Thankfully, there are ‘cat safe’ houseplants which are widely available to buy and pot at home from high street garden centres. In many cases, plants are labelled with warnings – which are always worth reading very carefully.

To help you get started, below is a list of cat friendly houseplants. These low light indoor plants are considered safe choices for those cat owners whose pets take anything from a light nibble to making a full vegetarian meal of their greenery!

However, of course – do keep in mind that if you choose any of the following plants for your home, they may end up getting misshapen or even destroyed altogether – depending on how plant-hungry your cat actually is!

Spider Plants

These striking plants are popularly grown in hanging baskets, which of course, is already a bit of an adventure playground for a cat! A major advantage with spider plants lies in the fact that it regenerates very easily. This means that if you need to cut it back, new shoots will emerge. It has long, intriguing tendrils, which you can cut and root to grow new plants. They are completely non-toxic to cats and are some of the easiest low light indoor plants to cultivate.


Bamboo is an easy plant to grow, and it recovers well if damaged – making it a great choice for a cat-friendly household. If your moggy does choose to chow down on this plant, you can easily regrow leaves with a strong enough stalk and can root even weaker stalks if you give them enough care and attention. They won’t grow as wildly as spider plants but are still fairly hardy on the whole.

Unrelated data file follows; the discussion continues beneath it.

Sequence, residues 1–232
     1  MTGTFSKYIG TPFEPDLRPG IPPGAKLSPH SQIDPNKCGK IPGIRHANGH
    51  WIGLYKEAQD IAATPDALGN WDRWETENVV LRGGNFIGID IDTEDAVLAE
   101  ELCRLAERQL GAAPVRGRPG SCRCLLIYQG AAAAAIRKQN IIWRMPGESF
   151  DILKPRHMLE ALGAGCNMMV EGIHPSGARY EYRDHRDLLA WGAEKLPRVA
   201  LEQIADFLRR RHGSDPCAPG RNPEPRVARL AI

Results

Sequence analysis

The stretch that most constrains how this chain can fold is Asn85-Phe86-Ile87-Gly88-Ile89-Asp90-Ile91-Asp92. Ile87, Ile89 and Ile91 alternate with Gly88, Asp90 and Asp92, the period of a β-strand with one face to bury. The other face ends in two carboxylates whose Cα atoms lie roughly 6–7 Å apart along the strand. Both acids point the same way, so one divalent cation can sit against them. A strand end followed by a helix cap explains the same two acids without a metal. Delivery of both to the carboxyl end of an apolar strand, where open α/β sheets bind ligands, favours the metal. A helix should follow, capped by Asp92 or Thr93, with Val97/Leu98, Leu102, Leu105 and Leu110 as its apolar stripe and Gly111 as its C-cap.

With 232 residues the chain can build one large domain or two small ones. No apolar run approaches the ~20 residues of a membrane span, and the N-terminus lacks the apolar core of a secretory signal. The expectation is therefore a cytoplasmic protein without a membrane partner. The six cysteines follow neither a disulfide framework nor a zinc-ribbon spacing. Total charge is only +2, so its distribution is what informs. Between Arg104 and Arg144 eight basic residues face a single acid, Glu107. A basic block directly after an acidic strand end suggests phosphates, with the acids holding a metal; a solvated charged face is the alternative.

Sweet Basil

close up of a sweet basil plant in a white pot
sweet basil

Basil has dual benefits for everyone, as they double up as both a houseplant and a culinary addition. It adds lots of flavour to salads and can even be added to drinks. Of course, they can also provide a handy nibble or two for your cat, as it is regarded as non-toxic. However, it’s probably not a good idea that they take on too much of this herb as it might upset a feline stomach.


Dill is a sweet, grassy herb that most cats are likely to find pretty tasty. Like sweet basil, some people grow it outdoors or in window boxes. However, you’ll normally find a fresh pot of dill pretty easy to find in your local supermarket. Dill is normally kept in the kitchen and, again, can be used in various dishes. Do keep in mind that herbs such as dill and basil do not always last long in low light, but light conditions aren’t normally an issue – as they are generally bought to eat, rather than to cultivate.

African Violets

These are short lived plants which cats often love the taste of – from the leaves right down to the stems. They can, however, stain in blue, purple and pink – meaning that if your cat comes to you with a colourful mouth, you’ll know what they’ve been dining on! This plant has soft, curved leaves, and will replace themselves to an extent – however, cats are known to pretty much destroy them! They don’t tolerate strong sunlight.